May 27, Colombo: The UK Foreign and Commonwealth Office (FCO) has destroyed around 195 files, including documents relating to relations between India and Sri Lanka at the peak of the Liberation Tigers of Tamil Eelam (LTTE) led civil war, sparking concern among archivists and researchers, Press Trust of India reports.
The Foreign Office has confirmed that it destroyed 195 files on Sri Lanka, dating from 1978 to 1980.
Some of the documents were on the role of the British spy agency MI5 and Secret Air Service (SAS) in Sri Lanka, The Guardian reported. The MI5 and the Secret Air Service had reportedly advised Sri Lanka's security forces during the LTTE crisis between 1978 and 1980.
While the government departments are obligated to preserve historic records under the Public Records Act 1958, it was not required to preserve the documents, the Foreign Office has said in response to a Freedom of Information request from the Guardian.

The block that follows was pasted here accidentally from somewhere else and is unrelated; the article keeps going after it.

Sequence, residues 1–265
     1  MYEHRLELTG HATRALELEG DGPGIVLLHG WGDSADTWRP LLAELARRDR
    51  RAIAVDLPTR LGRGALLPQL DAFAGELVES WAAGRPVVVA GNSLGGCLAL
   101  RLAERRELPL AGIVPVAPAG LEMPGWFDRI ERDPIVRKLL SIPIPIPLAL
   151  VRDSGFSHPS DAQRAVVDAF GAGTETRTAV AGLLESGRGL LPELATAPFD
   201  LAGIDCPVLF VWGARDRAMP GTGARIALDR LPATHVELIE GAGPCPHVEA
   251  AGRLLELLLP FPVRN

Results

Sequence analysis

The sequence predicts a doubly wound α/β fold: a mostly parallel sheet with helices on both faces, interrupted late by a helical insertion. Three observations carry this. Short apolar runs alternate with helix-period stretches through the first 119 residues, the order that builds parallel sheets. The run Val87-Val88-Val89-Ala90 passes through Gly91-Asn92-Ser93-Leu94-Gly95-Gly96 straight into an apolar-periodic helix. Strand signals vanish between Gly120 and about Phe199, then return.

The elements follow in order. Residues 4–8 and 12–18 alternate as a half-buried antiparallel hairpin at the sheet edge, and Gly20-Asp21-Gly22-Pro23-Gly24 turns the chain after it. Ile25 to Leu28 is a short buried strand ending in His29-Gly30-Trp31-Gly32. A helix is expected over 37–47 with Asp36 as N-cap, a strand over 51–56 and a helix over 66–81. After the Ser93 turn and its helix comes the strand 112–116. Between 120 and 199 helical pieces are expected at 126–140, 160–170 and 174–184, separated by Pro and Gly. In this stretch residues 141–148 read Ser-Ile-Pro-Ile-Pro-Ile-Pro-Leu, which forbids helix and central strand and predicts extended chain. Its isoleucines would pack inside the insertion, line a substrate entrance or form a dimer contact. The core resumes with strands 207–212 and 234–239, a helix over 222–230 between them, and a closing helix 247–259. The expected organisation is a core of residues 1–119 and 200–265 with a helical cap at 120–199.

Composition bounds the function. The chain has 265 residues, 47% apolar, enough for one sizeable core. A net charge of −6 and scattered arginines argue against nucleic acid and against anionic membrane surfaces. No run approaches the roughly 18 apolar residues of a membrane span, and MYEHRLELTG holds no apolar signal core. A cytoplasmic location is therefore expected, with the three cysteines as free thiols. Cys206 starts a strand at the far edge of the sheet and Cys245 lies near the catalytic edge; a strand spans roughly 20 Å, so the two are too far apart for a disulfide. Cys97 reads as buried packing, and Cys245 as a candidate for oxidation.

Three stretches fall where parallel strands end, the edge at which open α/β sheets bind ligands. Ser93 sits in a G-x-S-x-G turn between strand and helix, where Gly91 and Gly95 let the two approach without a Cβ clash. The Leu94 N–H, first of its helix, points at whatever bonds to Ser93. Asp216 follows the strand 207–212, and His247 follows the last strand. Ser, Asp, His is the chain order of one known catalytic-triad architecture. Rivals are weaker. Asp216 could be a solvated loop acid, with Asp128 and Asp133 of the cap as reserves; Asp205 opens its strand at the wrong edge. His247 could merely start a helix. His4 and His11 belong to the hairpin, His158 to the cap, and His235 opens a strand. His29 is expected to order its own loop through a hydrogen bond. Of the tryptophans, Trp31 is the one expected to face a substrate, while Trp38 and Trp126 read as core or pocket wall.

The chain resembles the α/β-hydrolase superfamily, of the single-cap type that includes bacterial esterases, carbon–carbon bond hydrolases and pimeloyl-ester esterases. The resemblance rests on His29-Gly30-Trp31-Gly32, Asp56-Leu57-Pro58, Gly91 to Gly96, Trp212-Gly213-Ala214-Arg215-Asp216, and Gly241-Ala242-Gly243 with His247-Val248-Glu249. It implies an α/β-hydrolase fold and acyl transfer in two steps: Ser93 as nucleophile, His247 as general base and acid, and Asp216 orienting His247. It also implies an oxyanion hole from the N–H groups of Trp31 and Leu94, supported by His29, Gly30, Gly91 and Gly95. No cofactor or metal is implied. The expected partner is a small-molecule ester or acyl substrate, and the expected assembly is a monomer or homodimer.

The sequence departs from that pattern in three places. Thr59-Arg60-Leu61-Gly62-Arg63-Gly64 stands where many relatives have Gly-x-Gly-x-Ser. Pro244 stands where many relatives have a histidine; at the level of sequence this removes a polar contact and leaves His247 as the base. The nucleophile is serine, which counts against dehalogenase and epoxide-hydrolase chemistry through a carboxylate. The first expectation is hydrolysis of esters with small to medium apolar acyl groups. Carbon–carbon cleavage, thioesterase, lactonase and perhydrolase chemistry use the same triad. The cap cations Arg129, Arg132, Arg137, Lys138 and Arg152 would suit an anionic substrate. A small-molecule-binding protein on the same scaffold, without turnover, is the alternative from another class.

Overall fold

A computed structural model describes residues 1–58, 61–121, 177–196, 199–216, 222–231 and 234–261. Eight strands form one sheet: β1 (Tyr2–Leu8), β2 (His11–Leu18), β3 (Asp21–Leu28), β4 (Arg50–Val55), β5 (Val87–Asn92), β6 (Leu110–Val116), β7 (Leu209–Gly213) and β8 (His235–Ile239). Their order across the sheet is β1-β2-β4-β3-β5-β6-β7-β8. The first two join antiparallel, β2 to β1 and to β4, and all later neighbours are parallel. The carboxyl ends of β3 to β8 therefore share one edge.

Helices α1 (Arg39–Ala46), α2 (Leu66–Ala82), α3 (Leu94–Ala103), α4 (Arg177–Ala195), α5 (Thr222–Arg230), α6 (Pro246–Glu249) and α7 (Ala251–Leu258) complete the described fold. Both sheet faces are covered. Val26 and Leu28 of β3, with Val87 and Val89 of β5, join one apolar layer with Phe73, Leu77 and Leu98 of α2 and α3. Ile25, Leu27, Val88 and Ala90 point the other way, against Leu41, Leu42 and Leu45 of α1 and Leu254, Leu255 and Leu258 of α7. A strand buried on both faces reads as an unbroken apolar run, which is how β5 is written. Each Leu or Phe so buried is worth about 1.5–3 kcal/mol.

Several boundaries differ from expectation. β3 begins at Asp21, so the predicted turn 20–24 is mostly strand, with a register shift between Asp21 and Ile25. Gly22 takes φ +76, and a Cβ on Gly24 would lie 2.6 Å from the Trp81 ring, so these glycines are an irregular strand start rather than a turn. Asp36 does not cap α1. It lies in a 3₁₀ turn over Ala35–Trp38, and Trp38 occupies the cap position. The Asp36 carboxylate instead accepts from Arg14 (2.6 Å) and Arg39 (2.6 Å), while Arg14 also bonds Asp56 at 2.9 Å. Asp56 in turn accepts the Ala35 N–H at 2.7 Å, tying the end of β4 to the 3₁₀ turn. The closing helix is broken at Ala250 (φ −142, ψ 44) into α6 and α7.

"Two of the documents they destroyed were called 'Sri Lanka/India relations' from 1979 and 1980," said journalist and researcher Phil Miller, who discovered the files were missing as part of a freedom of information request.
The files purportedly had references to India's relations with the former British colony, including the work of the Indian Peace Keeping Forces during the civil war in Sri Lanka.
Critics have opposed the development. "Removing or destroying historical records from public custody at the National Archives hurts all of us and is an illegal act," Vairamuttu Varadakumar, founder of the Tamil Information Centre, was quoted as saying in the Guardian report.
"It appears that the Foreign Office's action is designed to cover up the involvement of the SAS and MI5 in the training of Sri Lankan security forces that might be potentially embarrassing to Her Majesty's government."
The center fears that the destruction of FCO files adds to the loss of information, which dates back to the burning of the Jaffna Library by the Sri Lankan Army in 1981, which housed palm-leaf manuscripts and ancient documents, and the destruction of the Jaffna Museum in 1989.